If you have not discovered the file command yet, you're missing out on a handy tool for identifying all sorts of binary files. Check the man pages-- it's installed on most Unix-like systems.
To illustrate the power of file, I ran file on a random collection of TI DSP object files lying around on my hard drive:
$ file -m ti-coff.magic *.o* crt0_3sr.o: COFF v2 executable, TI TMS320C30/C31, relocatable, local symbols crt0_4sr.o: COFF v2 executable, TI TMS320C40/C44, relocatable, local symbols daa.obj: COFF v2 executable, TI TMS320C54x, relocatable, line numbers, local symbols daa.out: COFF v2 executable, TI TMS320C54x, linked, line numbers, local symbols, entry point=0x1ae vectors.obj: COFF v2 executable, TI TMS320C6x, relocatable, line numbers, local symbols cnfdsp_nohost.obj: COFF v2 executable, TI TMS320C6x, relocatable, line numbers, local symbols cnfdsp_nohost.out: COFF v2 executable, TI TMS320C6x, linked, line numbers, local symbols, entry point=0xb920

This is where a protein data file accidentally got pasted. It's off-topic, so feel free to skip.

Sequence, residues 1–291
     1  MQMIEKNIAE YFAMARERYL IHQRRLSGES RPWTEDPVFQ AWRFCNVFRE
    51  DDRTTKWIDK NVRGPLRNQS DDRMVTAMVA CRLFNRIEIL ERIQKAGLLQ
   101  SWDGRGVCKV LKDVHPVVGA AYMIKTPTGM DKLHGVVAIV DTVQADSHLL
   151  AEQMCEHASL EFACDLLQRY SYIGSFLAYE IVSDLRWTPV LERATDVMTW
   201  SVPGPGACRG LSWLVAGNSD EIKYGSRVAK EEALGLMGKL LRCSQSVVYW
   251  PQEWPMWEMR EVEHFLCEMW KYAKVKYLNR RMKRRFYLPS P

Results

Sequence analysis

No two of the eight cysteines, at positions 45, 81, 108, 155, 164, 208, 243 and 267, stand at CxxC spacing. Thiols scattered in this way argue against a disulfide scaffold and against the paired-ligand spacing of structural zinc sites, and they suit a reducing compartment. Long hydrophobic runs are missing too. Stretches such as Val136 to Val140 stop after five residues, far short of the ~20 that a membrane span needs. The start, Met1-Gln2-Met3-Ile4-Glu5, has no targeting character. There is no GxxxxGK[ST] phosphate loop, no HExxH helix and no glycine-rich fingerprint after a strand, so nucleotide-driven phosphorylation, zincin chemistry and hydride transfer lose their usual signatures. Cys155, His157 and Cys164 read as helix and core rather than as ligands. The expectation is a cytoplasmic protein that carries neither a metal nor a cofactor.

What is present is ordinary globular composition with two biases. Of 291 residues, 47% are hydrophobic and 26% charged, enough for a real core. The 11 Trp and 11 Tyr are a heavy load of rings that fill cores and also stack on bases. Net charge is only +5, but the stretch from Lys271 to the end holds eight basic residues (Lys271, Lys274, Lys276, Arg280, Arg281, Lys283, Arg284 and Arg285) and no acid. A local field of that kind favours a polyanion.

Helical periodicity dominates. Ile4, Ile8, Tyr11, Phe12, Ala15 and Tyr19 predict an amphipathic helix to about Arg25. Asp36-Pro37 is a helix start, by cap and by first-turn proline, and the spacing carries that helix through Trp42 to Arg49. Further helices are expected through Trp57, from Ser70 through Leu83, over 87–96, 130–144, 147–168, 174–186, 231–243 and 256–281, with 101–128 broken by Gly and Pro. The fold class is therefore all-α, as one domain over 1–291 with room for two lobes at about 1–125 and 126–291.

The files are properly identified, and you don't even have to resort to using objdump to get basic attributes from each.
As shown above, simply pass the path of the magic file snippet
-m, and then list the files of interest.
If you find yourself using this command often, it is easier to incorporate the "magic" file into your system-wide magic database. There are only a few steps involved:
/usr/lib/magic. Use the output of
grep magic $(which file)if you're stuck.
magic.mgc. If this is the case, run
file -Cas root to compile your newly edited magic file.
Check the magic file format man page (
man 5 magic,
but you can probably leave out the section number) and take a
look at the code. It is a simple if-then matching structure,
although it is admittedly not very self-explanitory. The magic
numbers were culled from various TI COFF reference documents.